Detents 108 extend from the inner surface 104 of the flanges 102. Preferably, two detents 10S on each flange 102 are aligned with and equidistant from the flange openings 106. Correlative to the detents 108, detent receivers, 92 and 94, in the side walls 84 operate to receive the detents 108. One set of detent receivers, the offset position detent receivers, 92 are positioned to receive the detents 108 when the extension body 100. is in an offset position wherein the lower portion 140 is horizontally offset from the upper conduit 70 and the extension arm 110 is substantially perpendicular to the upper conduit 70. Another set of detent receiver, the insertion position detent receivers, 94 are positioned to receive the detents 108 when the extension body 100 is in an insertion position wherein the extension arm 110 is substantially parallel to the upper conduit 70. Preferably, the offset position detent receivers 92 are vertically aligned with the side wall openings 88; and the insertion position detent receivers 94 are horizontally aligned with the side wall openings 88. These detent receivers, 92 and 94, are either small holes through the side walls 84 or small indentations in the side walls 84.

The detents 108 and detent receivers, 92 and 94, comprise a locking means and are constructed to maintain the extension body 100 in the desired position. However, when a sufficient force is applied to the extension arm 110, the detents 108 and detent receivers, 92 and 94, are constructed to release and allow relative rotation of the hinge frame 82 and the extension body 100.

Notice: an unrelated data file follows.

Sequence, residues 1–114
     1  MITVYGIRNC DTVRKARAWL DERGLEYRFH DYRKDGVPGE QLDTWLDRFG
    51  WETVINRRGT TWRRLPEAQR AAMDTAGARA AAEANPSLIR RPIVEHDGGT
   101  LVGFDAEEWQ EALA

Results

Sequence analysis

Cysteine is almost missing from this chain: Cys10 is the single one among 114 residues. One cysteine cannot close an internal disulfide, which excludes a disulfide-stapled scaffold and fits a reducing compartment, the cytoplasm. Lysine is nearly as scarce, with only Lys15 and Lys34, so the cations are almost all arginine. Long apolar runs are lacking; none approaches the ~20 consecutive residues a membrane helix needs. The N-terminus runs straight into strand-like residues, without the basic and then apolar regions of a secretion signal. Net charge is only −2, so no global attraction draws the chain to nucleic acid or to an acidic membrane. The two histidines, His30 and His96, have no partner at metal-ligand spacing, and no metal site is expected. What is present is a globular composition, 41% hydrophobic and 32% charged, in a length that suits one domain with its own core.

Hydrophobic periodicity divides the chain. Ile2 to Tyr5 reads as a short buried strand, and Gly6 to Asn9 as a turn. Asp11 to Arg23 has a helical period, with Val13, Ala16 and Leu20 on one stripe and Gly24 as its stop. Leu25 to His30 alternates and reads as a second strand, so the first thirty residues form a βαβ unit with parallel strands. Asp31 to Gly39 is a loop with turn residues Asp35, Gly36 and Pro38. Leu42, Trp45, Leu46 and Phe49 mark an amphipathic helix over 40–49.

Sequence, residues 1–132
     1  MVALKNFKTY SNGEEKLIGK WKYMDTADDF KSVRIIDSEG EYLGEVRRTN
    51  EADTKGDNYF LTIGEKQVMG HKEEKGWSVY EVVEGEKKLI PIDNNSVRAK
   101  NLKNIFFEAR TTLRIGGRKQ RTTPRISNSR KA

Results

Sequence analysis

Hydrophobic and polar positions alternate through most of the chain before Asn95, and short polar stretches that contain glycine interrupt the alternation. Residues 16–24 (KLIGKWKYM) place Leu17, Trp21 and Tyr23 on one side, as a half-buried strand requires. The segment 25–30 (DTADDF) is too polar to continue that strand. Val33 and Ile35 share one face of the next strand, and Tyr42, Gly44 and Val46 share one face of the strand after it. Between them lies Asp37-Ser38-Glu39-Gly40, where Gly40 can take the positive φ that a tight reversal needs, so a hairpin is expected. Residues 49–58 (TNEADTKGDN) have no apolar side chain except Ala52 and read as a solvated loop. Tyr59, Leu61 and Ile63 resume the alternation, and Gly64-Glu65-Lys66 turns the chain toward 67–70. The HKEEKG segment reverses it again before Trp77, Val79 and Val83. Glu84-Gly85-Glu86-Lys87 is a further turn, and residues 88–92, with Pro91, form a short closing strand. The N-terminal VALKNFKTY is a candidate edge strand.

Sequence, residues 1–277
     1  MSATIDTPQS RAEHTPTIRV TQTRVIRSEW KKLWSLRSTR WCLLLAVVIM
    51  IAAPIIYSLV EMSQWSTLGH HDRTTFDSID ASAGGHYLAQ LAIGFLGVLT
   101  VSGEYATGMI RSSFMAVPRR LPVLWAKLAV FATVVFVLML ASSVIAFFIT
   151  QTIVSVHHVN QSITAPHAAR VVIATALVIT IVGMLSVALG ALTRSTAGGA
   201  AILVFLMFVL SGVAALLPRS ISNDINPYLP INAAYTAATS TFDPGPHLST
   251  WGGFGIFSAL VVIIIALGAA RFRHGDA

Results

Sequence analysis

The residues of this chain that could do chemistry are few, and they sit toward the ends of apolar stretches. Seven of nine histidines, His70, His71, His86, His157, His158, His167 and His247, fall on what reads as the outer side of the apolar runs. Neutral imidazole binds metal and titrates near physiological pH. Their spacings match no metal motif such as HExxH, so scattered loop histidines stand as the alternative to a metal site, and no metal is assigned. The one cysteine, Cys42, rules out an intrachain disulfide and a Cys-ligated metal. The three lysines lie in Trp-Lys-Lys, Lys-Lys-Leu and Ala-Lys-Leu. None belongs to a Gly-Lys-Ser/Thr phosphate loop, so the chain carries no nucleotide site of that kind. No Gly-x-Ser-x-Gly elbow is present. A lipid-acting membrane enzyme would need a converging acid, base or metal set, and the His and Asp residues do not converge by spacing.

Proximal the second end 114 of the extension arm 110, the attachment means 120 provides a hinged attachment to the lower portion 140. Because this attachment is hinged, the lower portion 140 is self leveling. In the preferred embodiment, the attachment means 120 comprises a pair of spaced parallel attachment plates 122. Axially-aligned openings 124 in the attachment plates 122 permit insertion of an attachment pin 132. An eyelet 126 (FIG. 13) having an opening 128 therethrough is designed to fit between the attachment plates 122. When in position, the attachment pin 132 passes through both the attachment plate openings 124 and the eyelet opening 128 and provides a rotation hinge. The eyelet 126 is secured to the lower portion 140. Therefore, the lower portion 140 is free to rotate relative to the extension body 100 pursuant to gravitational forces applied to the lower portion 140. To maintain the attachment pin 132 in the openings, 124 and 128, one end of the attachment pin 132 has a head 134 and the distal end is designed to receive a cotter pin 136 through a cotter pin receiving hole 138.